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Getting good, reliable bass sounds out of the instruments and through speakers systems both large and small is a constant process of many trials, mostly errors, and a lot of patience on the part of my mailman and wife. That said, this process is made far easier thanks to some help from some really lovely, smart men and women at some quality companies.


I endorse Aguilar Amplification, Hipshot Products, D'addario Strings, Fishman Acoustic Amplification, Ear Trumpet Labs microphones, Grace Audio Design products, and Jerry Harvey Audio in ear monitor systems.


I don't get gear for free; it costs a lot of money to design and produce quality products. Yes, I get a discount from these companies I've listed and I'm really grateful, but I would use their products regardless. These folks answer my emails and phone calls, they listen to their endorsers when they have suggestions, and they make sure that I have no excuses when it comes to sounding my best, on stage and in the studio.

Gear List:


-1938 American Standard Double Bass

I bought this bass over the winter of 2020, while Covid raged around the country, gigs were non-existent and buying a bass seemed liked the dumbest move possible. But I've always wanted a pre-war American Standard, and this one is absolutely killer. Gut strings or Spiros, it's warm and woody and growly. Grateful to Jason Sypher for parting with it. It just sounds so unique and, well, good.

-2001 Emmanuel Wilfer Hybrid Bass.

I had this bass basically rebuilt by Mike Shank of Shank Strings in Elizabethton, PA. Mike is the shit. He says he's come across a few of these "weird Wilfers." They're strange because they have carved tops and sides, with a laminated maple back (for the uninitiated, most "hybrid" instruments employ laminated backs and sides for structural reasons and cost, and only the top is made from solid wood). This Wilfer bass has a unique sound, to my  ear anyway. It amplifies really really well, it goes down easy in the studio, it's very "even." I think it has exactly the right amount of sustain for a double gets out of the way right when you want it to, if that makes any sense. Anyway, I like it.

-Chadwick Folding Bass, Hybrid Model.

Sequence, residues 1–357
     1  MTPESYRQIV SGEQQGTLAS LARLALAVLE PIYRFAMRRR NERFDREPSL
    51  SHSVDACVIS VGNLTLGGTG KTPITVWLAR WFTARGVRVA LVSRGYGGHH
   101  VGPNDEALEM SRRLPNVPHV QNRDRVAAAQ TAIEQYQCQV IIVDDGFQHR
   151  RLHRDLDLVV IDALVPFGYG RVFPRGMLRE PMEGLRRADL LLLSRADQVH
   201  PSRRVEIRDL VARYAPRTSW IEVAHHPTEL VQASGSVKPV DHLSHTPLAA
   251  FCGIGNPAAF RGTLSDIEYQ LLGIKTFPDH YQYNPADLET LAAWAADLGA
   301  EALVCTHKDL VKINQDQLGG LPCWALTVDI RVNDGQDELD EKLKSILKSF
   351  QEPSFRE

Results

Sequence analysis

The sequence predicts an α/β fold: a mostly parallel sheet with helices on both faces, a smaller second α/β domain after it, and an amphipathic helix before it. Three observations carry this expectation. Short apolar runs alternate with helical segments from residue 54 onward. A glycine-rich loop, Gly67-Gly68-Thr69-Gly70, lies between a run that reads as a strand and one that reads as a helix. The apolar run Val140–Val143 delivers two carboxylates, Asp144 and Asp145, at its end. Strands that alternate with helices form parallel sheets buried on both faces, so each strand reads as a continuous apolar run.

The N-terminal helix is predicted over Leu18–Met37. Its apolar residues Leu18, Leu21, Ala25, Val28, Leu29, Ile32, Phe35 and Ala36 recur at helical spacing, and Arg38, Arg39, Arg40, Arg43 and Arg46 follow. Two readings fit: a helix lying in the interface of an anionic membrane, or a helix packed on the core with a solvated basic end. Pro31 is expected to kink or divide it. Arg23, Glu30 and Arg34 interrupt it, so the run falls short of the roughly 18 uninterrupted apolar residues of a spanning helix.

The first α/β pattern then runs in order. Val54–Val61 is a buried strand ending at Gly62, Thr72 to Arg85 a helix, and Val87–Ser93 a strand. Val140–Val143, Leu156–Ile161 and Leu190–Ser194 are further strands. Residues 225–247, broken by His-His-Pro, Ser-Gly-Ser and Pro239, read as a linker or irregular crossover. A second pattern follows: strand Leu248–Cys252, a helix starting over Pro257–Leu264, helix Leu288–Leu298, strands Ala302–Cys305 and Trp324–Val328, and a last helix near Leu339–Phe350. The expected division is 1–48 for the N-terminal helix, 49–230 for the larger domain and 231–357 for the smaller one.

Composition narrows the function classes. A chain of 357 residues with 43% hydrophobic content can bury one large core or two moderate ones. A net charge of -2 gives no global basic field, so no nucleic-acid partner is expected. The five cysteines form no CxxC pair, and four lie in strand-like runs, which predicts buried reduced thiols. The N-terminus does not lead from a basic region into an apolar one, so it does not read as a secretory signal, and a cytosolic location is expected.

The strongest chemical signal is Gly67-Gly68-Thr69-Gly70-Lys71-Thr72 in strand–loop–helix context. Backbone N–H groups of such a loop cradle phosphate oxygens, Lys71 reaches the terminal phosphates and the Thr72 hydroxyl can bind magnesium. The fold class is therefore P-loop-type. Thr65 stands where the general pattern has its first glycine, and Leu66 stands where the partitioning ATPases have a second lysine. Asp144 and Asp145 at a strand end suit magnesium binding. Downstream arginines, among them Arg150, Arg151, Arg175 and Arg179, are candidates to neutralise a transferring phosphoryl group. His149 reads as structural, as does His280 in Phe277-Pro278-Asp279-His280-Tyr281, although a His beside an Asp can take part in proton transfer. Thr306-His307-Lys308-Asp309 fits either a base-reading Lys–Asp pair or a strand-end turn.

It helps me fly to gigs on a budget and have an instrument that knows me a little better. Charlie Chadwick is a great guy, and a great bass player. It's been broken by the airlines twice.

--1994 Japanese Fender P Bass.

The bass Dad bought me at a pawn shop in Knoxville. One of those silly "fotoflame" models (complete with the "Hamburglar"). I had it routed for a J bridge pickup. I have noiseless EMG pickups in this bass, because I traded someone for them.

-1967 Fender Coronado Bass 1.

Finally got a hollowbody short-scale bass. Strung with flats of course.

- Reissue Squier Tele Bass.

Thud thumb boom. Found it / bought it.


If it were up to me, I'd always get to play through great studio mics (upright) and vintage amps (electric), but that ain't happenin'. Stage volumes, fly dates, guitar players...they're a reality. So here's what I'm using...for now:

-Aguilar TH 500 head/2x Aguilar SL112 cabinets

Electric/upright...forget it, I haven't found anything that handles both as well. Everything Aguilar I've ever played does the job and then some. A better endorsement: my band mates won't shut up about how good the amps sound. The stage hands won't shut up about how easy they are to move around.

-Grace Audio Design FELiX

I blend various upright bass pickups/mics with this ridiculously good-sounding preamp. I held off on replacing my old DTAR blending preamp for a long time...but the Grace FELiX is nuts. It's too good.

-Fishman Amplification Platinum Pro EQ

I am really digging this lately, especially on fly gigs w/ my Chadwick/Full Circle rig. Stupidly simple to use, and extremely effective when time is short or gear space is tight. The P Bass sounds nice thru it's little opto compressor too.

-AudioSprockets Tone Dexter

This little mic emulator has really paired well with the Full Circle pickup. It's especially helpful with anything arco-related that must be amplified via pickup.

-Upright bass pickups.

I have used nearly all of them. The Fishman Full Circle seems to be the most feedback proof, and it sounds great plugged straight into an amp. It sounds better when running through one of those pre-amps I mentioned above.

-Ear Trumpet Labs Nadine double bass mic.

Yes, other instruments bleed in. No, I can't use it on every gig. Yes, it sounds amazing in lower volume settings. Philip Graham at ETL is an awesome guy. Sure, the mics look cool...but they sound cooler.



D'addario Kaplans (solos tuned to standard) and Spirocore Low E's on the uprights. D'addario flats on the electric. (sometimes brighter strings depending on the gig, Helicore Hybrids lately).

-Hipshot tuners on the P bass.

They're great. No fuss, and the drop D tuning key is invaluable to me.

-Hipshot Freerange Extender on both double basses.

Like the hipshot for the electric bass, but for upright(s). Life=easier.

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